Sarah and I are having a quiet Christmas. The kids are celebrating with their mom (we alternate holidays) and Sarah’s parents are travelling, so it’s just the two of us. Since it’s the first Christmas with just the two of us, we decided to start some new family traditions. One was, instead of buying a pre-cut tree (that has to be hauled away afterward – they’re not even good for composting), or an artificial tree (that has to be stored using valuable storage space); we chose a live Christmas tree. Our plan, after the holidays, is to transplant it into a whiskey barrel and set it in a good spot in the yard. Then each year we’ll get another tree and place them together. Until–this is the cool part–we finally get our homestead, then we’ll move all the trees there and plant them permanently so we’ll have our own family Christmas tree forest. We’ll still continue to add a new one each year, so we’ll have from the oldest (this year’s) to the newest, each representing a Christmas together. We got a Blue Spruce. It was my idea, I grew up in Colorado and the Blue Spruce is Colorado’s state tree, and Sarah happily supported my decision. The tree is about five foot tall, we decorated it simplistically — and it looks beautiful.
I had a couple of minor opportunities to use our preps this last week. No big deal, but it did make me realized how nice and safe it feels to be prepared. The first one, we were up in Anacortes and had just finished watching Sarah’s mom, Libby, in a local production of Over the River and Through The Woods (she was great!). When we finally got out to the parking lot, most of the cars were gone, and an older man timidly approached me and asked if I had jumper cables because they had left the lights on in their van and it wouldn’t start. Without hesitation I grabbed the cables and, with Sarah’s help, quickly got him going again. Why is this a prepper topic? Because when we added a BOB* to Sarah’s car we also added some emergency car items, including the cables. We purchased heavier gauge wires, figuring if we needed them we wanted to be sure they’d work. Interesting to note, we were the only car around that had jumper cables (he had been asking around for a while and was almost ready to call a tow truck).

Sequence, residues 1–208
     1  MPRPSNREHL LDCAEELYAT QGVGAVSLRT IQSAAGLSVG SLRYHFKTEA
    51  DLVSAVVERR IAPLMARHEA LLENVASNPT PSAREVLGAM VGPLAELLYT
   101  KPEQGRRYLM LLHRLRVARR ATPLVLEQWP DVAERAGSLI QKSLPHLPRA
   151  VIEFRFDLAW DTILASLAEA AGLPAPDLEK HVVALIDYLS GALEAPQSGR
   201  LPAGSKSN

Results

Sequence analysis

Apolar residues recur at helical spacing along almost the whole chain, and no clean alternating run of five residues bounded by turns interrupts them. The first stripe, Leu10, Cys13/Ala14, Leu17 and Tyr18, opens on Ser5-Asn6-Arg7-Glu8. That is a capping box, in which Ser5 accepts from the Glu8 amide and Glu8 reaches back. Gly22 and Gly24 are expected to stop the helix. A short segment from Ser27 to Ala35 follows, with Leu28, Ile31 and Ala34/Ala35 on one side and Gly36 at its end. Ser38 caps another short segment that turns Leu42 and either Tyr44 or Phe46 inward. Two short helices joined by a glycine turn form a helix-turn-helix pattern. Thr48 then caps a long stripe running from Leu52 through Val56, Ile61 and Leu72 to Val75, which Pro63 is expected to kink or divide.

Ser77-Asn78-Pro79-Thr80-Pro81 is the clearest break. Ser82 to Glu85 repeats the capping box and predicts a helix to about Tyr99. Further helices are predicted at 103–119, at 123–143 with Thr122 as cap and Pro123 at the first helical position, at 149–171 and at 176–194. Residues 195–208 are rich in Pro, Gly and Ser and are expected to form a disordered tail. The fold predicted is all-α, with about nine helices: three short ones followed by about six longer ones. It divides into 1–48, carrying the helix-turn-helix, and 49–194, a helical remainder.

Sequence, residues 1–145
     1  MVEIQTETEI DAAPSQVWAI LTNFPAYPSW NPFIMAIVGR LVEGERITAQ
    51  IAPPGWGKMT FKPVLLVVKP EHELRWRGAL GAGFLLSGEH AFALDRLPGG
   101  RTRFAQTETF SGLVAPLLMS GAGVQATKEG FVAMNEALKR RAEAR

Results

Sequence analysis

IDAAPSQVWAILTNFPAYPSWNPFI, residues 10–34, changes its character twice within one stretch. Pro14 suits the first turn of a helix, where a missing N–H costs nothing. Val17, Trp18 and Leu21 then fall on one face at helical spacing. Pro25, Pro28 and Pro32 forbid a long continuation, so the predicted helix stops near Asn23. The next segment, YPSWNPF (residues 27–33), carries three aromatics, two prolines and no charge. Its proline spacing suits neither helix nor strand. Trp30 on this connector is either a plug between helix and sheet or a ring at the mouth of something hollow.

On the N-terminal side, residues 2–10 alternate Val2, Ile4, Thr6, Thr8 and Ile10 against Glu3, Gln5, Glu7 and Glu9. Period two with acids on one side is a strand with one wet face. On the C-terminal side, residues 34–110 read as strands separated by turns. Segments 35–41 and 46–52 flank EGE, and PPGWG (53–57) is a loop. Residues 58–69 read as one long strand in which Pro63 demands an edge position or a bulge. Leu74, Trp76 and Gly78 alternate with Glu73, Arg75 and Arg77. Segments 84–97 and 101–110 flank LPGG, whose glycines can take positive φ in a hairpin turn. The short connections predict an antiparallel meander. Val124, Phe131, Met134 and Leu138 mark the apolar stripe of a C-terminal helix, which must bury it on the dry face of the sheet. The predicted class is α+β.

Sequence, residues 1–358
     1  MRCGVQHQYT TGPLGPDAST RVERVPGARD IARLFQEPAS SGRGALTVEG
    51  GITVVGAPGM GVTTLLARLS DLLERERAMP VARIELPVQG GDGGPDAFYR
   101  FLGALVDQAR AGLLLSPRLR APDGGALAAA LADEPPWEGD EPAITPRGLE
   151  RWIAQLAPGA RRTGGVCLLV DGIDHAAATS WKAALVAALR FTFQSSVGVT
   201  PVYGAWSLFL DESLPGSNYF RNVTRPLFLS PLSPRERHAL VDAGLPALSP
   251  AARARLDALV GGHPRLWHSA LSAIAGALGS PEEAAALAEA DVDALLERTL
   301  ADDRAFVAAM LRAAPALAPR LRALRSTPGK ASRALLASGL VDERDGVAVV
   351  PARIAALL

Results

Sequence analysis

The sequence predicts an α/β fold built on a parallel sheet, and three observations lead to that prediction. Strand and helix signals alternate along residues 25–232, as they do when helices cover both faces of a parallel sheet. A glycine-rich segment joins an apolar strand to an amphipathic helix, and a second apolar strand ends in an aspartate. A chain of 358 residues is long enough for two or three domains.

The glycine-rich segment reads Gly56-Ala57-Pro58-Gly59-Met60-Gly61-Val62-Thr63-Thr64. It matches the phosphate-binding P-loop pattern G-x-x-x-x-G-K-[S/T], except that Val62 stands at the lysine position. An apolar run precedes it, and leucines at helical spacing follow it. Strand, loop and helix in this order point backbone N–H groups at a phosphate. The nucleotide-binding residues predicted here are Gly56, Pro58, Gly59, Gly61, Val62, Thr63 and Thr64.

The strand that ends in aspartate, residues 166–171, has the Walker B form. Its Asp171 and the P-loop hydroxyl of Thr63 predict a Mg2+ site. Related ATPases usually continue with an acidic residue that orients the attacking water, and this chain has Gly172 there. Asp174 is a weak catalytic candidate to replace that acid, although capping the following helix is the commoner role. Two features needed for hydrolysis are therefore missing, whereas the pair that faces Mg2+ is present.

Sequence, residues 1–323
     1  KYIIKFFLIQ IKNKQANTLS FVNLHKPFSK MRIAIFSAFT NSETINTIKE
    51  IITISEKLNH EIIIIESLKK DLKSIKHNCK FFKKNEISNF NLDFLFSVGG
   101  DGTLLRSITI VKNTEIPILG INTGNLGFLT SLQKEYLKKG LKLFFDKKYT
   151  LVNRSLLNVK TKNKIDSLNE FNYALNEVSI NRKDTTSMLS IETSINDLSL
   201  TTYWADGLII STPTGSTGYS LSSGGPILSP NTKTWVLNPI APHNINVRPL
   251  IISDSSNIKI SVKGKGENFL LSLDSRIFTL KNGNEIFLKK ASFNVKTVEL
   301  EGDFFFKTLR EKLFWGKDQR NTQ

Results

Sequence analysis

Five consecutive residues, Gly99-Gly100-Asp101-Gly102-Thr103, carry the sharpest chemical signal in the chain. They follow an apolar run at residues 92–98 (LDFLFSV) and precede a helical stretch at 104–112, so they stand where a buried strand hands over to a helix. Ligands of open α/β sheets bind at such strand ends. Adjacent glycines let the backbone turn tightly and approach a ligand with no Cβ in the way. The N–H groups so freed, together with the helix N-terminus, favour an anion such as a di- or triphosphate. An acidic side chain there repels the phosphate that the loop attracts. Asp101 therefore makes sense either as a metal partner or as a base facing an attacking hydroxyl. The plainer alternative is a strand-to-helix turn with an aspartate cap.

The second time was when someone (not naming names, but it wasn’t Sarah or I) let the Jeep run out of gas (coincidentally and luckily it was in the garage). We couldn’t figure out why it wouldn’t start, until I checked the gas gauge… Normally I don’t let any of our vehicles get below a quarter tank (most of the time I fill up at about half tank), so I was surprised it had gotten so low. Fortunately we had plenty of gasoline right there available. I grabbed a 5-gallon can full of gasoline and the super siphon (those things are great, if you store gas you need one) and about three minutes later the Jeep fired right up. Again nothing we couldn’t have overcome with a trip to the gas station, but it was nice to be prepared.
What did you do?
(Monday: The Family You Choose)
*For a complete list of abbreviations/acronyms, and other information, open the above ‘Check Here…’ page tab.